Architect of green building movement

Some 30% of structures are environmentally friendly and BCA chief aims for 80% by 2030
Samantha Boh Straits Times AsiaOne 21 Dec 15;

Over the last decade, green buildings have sprouted up across the island from Jurong to Pasir Ris.

From just 17 in 2005, there are now more than 2,500 of these environmentally friendly buildings, making up around 30 per cent of all buildings here.

Dr John Keung, chief executive officer of the Building and Construction Authority (BCA), has been credited with the flowering of green buildings here.

Today, he is recognised for spearheading three masterplans to encourage green buildings and even won a global award in October, the 2015 World Green Building Council Chairman's Award.

However, initially, some people thought that he was moving too fast. "They told me: 'Look, you may be moving a bit too fast, the industry cannot catch up'," said the 62-year-old, referring to the other CEOs from the industry.

The CEOs, who headed firms in sectors such as construction, architecture and property development, feared that Singapore did not have enough people who could design a green building in a cost-effective way.

They also worried that demand was insufficient to justify entry into green building design and construction.

"I told them we will create the demand. We will make sure whoever wants to develop expertise in green buildings will have business, they can secure projects to do," Dr Keung told The Straits Times.

"The second thing I told them is that the BCA Academy will provide courses to train people in the industry to make sure they know how to design, build and operate a green building."

True to his word, he pushed for regulations that mandate minimum environmental sustainability standards for existing buildings and introduced incentives for developers to build or retrofit green buildings, among other strategies to create demand.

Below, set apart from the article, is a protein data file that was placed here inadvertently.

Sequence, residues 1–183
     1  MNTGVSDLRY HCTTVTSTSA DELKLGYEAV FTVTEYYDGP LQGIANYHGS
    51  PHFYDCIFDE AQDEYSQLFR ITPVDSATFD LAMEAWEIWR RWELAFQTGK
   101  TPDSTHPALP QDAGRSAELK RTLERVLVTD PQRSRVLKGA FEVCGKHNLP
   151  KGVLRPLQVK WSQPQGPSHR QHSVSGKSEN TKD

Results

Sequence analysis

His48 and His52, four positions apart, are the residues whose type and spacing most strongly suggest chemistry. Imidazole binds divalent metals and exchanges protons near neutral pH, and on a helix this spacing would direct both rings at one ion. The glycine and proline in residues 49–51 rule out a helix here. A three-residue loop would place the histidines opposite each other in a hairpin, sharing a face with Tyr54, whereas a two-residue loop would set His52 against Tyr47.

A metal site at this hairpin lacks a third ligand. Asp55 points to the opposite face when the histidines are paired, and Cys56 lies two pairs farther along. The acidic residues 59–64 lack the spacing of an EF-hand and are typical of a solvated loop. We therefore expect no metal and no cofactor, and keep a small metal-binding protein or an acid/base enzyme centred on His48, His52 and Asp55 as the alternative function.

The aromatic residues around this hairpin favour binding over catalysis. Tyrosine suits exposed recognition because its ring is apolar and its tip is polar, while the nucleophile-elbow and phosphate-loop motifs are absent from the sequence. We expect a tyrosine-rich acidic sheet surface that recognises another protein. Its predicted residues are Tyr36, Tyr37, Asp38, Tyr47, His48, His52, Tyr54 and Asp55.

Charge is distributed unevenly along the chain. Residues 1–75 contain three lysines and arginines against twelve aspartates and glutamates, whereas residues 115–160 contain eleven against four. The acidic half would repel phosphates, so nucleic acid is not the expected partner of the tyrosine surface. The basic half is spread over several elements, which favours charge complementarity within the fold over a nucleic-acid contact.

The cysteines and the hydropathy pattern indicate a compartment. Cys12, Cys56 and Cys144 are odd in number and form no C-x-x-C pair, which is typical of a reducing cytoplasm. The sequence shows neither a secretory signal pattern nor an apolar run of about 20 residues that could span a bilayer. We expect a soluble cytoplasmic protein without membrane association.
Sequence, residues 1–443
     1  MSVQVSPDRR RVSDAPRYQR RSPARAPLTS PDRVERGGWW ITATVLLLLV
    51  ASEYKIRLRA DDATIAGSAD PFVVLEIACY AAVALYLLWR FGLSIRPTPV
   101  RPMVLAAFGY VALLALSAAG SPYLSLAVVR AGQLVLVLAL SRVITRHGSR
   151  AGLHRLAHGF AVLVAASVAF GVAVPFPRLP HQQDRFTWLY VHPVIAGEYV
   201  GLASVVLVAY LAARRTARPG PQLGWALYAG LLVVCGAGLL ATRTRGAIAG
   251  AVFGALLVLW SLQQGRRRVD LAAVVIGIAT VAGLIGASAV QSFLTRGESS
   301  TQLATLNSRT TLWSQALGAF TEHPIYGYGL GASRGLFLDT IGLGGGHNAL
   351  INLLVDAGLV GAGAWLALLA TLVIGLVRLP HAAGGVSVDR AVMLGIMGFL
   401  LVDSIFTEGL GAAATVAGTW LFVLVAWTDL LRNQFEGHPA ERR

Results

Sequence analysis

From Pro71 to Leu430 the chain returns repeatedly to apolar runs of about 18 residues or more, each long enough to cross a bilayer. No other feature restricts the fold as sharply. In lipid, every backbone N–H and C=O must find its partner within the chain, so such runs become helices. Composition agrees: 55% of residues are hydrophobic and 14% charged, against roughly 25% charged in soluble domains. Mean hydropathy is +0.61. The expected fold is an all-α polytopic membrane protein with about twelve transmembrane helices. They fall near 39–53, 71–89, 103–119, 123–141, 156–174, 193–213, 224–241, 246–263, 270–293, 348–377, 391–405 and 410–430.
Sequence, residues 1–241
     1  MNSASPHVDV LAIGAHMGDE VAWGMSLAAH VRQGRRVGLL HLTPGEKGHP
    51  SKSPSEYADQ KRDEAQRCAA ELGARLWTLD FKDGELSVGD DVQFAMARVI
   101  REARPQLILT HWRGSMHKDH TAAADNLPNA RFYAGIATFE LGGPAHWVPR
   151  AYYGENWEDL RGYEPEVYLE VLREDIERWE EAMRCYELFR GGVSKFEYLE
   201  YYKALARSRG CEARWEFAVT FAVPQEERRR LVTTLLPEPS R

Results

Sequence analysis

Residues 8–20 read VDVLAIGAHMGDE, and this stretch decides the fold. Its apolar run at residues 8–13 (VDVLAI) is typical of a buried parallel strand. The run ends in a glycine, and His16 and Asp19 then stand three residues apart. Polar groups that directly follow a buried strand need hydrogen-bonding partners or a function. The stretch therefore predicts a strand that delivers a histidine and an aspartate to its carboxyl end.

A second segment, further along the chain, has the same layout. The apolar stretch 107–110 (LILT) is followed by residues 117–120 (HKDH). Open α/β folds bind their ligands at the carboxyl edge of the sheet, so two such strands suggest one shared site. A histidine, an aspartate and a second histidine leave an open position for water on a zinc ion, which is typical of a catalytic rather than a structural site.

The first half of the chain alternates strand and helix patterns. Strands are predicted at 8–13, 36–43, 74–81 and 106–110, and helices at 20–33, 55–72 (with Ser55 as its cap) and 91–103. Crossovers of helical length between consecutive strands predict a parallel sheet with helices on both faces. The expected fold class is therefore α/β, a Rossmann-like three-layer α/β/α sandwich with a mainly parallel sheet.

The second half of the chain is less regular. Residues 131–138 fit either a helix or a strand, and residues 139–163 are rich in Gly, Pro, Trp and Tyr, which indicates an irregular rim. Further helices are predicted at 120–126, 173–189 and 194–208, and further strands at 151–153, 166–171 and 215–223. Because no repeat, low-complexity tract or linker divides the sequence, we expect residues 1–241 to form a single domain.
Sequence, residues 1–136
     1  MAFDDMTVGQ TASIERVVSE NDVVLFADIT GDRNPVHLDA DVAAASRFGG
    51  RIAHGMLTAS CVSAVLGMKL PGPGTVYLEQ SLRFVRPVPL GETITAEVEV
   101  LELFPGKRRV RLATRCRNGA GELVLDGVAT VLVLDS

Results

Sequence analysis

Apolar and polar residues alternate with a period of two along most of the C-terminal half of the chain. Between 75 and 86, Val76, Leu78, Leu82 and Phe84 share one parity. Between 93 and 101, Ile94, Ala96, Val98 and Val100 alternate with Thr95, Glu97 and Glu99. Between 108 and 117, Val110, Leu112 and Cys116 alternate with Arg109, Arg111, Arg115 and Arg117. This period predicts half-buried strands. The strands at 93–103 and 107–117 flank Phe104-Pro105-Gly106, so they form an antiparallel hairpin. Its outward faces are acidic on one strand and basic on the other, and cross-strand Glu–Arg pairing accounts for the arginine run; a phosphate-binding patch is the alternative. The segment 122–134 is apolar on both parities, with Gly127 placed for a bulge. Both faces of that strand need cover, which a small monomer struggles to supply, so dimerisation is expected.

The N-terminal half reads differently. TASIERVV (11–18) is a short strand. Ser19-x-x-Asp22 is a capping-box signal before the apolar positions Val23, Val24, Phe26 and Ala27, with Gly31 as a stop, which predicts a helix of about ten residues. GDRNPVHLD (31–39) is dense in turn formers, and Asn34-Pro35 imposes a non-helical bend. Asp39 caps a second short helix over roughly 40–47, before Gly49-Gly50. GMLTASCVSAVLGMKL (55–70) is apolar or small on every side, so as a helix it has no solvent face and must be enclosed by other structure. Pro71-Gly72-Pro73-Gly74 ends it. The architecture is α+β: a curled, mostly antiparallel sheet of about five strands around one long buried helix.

Partnerships were also forged with overseas institutes, such as one with University College London to offer a master's degree in green building maintenance. Other courses, including a diploma in mechanical engineering that focuses on green building technology, are also offered at the academy.

To date, the BCA Academy has trained at least 13,000 individuals, who Dr Keung calls "green-collar workers". The aim is train up to 20,000 by 2020.

Dr Keung, who has a Master of Science in town planning and a doctorate from the University of Wales in Britain, said he has been passionate about issues on environmental sustainability since his university days. He decided to push the green building movement in Singapore in a "big way" when he became the chief of BCA in 2006. The father of three had previously worked at the Urban Redevelopment Authority and Housing Board.

Dr Keung believed that Singapore had a role in sharing its knowledge with other countries in the region. As of September, the BCA has had more than 270 overseas applications from 75 cities in 14 countries for Green Mark certification - a testament of how it is taking the benchmark beyond Singapore's shores.

Dr Keung stressed that it makes business sense to go green.

A building with a Green Mark Platinum rating, which is at least 30 per cent more energy efficient than buildings without Green Mark certification, will get returns from its "green premium" - the extra construction cost to go green - in 21/2 to 61/2 years.

"You get back everything you invest to make that building green. And after that, whatever you gain year after year is a net gain," he said. "And a green building will also give you better indoor environmental quality and is a healthier building," he added.

Mr Lee Chuan Seng, emeritus chairman of engineering consultancy firm Beca Asia, said Dr Keung's efforts have made Singapore the leading nation in the region in delivering green sustainable buildings.

"John's relentless perseverance and, at the same time, (his) calm reassurance when things get tough, have been a great encouragement to BCA staff and industry partners."

But Dr Keung is not resting on his laurels. "I must say I am happy to see the progress, but if you ask my colleagues, they will know I am not exactly 'very happy' because we want to do a lot more," he said.

His target, and that of BCA, is for at least 80 per cent of all buildings here to be environmentally sustainable by 2030.

In the coming years, the BCA aims to shorten the payback period for going green and get energy guzzlers like data centres and supermarkets on board the Green Mark scheme.

It also hopes to get building users more involved in cutting energy consumption, and to make research breakthroughs to make buildings even more energy efficient.

Said Dr Keung: "All these are things we want. We intend to stretch our target and, in the longer term, achieve them."

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